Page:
Tag Archives: Ubuntu
A week or so ago I did a post around a cross vCenter vMotion lab that I had setup utilizing both Amazon EC2 and Google Cloud through Ravello Systems new beta which allows us to run nested ESXi. It was a fun project to work on, migrating VMs back and forth through the clouds, but I tried to keep a lot of the technical detail out of the post – focusing more on what Ravello had to offer. One key aspect of the setup was creating a VXLAN tunnel in order to bridge the two VM networks inside of each cloud – allowing me to complete the vMotion without performing any additional network configuration on my VMs once they had migrated. Anyways, I thought I’d go into a little more detail on how I accomplished this.
Now, keep in mind here I don’t claim to be any sort of network guy – it’s probably my biggest lack in terms of IT skill-sets, therefore I could be going about this all wrong – any advice, comments, just leave the in the box below – I always appreciate any feedback I get. I also appreciate any help I get, and had a lot with this project – CTO of Ravello Systems Alex Fishman had a couple of calls with me offering up his experience (very very smart guy). Also, there’s a blog post on Ravello’s blog which goes over the setup as well – that said, I thought go into a little more detail in the case that someone else at the same level of network knowledge as myself might be looking for help.
So to start let’s have a brief look at the Ravello setup. Firstly we need a couple of applications, one published to the EC2 cloud and one published to the Google Cloud. Each application (in this case) contains two VMs – one to act as a client and one to act as the gateway/vxlan bridge. I’ve used Ubuntu 14.04 server for these but you could use any OS you like, so long as the vxlan module is loaded and supported. The table below outlines each VM and the networking associated with it in my test setup.
|Amazon EC2||ec2-vxlan||eth0||IP: 192.168.0.1
|External network w/ Elastic IP attached|
GW: 192.168.0.1 (in OS) None in Ravello
|Internal Network Gateway|
|External Network w/ Elastic IP attached|
GW: 192.168.0.1 (in OS) None in Ravello
I’ve used a /29 subnet on the external networks as I really only need 3 total IPs available, one for each of the vxlan VMs as well as a third for a gateway – Honestly again you could use whatever you wanted here. I understand that sometimes a picture is worth a thousand words so here is a side by side of both the Amazon and Google network canvas.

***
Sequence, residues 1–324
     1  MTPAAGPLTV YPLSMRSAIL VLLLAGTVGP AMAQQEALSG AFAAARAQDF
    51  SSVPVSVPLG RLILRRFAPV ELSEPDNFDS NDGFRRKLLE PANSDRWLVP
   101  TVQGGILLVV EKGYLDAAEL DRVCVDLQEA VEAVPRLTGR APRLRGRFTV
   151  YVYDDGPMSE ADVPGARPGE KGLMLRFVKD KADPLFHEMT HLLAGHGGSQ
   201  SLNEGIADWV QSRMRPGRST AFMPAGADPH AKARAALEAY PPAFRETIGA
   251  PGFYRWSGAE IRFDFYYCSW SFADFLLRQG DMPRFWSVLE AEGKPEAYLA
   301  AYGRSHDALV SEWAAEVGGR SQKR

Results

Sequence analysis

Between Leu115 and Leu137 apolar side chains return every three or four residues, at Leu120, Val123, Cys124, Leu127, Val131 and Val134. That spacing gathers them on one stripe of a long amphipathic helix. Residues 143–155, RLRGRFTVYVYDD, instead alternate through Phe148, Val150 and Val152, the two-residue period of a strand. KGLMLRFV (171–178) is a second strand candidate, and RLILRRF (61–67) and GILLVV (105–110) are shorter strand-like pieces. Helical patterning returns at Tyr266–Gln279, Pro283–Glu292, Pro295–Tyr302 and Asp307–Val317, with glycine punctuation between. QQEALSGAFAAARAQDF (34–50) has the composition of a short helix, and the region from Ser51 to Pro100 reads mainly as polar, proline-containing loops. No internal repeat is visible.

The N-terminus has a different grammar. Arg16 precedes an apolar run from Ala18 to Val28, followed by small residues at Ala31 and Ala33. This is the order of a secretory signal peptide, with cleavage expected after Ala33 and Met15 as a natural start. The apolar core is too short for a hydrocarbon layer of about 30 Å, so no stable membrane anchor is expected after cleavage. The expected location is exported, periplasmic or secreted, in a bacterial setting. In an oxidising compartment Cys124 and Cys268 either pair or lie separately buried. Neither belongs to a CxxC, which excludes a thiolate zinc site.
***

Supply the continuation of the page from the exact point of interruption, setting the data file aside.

So a pretty simply setup when looking at the canvas – essentially the vxlan VM will need two NICs, one connected to the internal lan (eth0 in this case) and one connected to an externally routed network (eth1). Before we finish up within the Ravello canvas and establish a tunnel let’s first look at the EC2 side of things so we can better understand the settings on the vxlan and client VMs that end up making our network canvas look like the above.
Looking closer at the network configuration of the ec2-vxlan VM (sorry, couldn’t get it all on one screen cap so I put them side-by-side) we can notice a couple of things; eth0, the internal lan (which will act as a gateway for the client VMs) is setup on the 192.168.0.1/24 network with no gateway. Also, we have selected public IP for this nic under external access but left the ‘Even without external services’ unchecked. What this does is ensure that this VM can only be accessed by routing through our vxlan tunnel and cannot be accessed directly from the internet. The second nic (eth1) is the nic we will use to establish our vxlan bridge. This nic is subnetted in a way that allows very few IPs within the network, as we only need three anyways (one for ec2, one for google, and one for a gateway). This nic has an Elastic IP tied to it within the External Access settings. Since we will need to use this public IP later when we establish the tunnel it’s best that it not change often, and an elastic IP will never change, thus why we used it.
Another note in regards to the vxlan VM is the external services provided. For this case I’ve simply allowed all external traffic on all ports into eth1 – probably not the greatest feat in terms of security but it sure does ensure I get the communication I need. (might be able to change to just other IP).
Note that you will need to setup the Google side of things inside Ravello exactly the same as shown above, obviously replacing the IP addresses of eth1 with those shown in the table earlier. Once done with that we have completed our setup within Ravello and it’s now time to setup the tunnel.
Again, let’s start with EC2 and work our way over to google. Take note of both your EC2 and Google elastic IP’s as we will need them for the configuration below.
First is our network configuration (/etc./network/interfaces). Below is a shot of mine – the key here is that even though we specified an IP in the Ravello interface for eth0 we are not doing it within Ubuntu – we will be using this IP on our bridge instead, however we still want eth0 to be active so we set it as manual. So as far as network interfaces your setup should be similar to below – of course with address being 10.0.0.2 on the Google cloud.
# The primary network interface auto eth0 iface eth0 inet manual
auto eth1 iface eth1 inet static address 10.0.0.1 netmask 255.255.255.248 gateway 10.0.0.3
Once we have our network interfaces set up we can continue with the setup of the vxlan and bridge. First we will walk through the EC2 side and then move to google.
We begin by adding the vxlan device with “ip link add mtu <MTUSIZE> <VXLAN DEVICE NAME> type vxlan id <VXLAN ID>”. For example on the EC2 side I ran..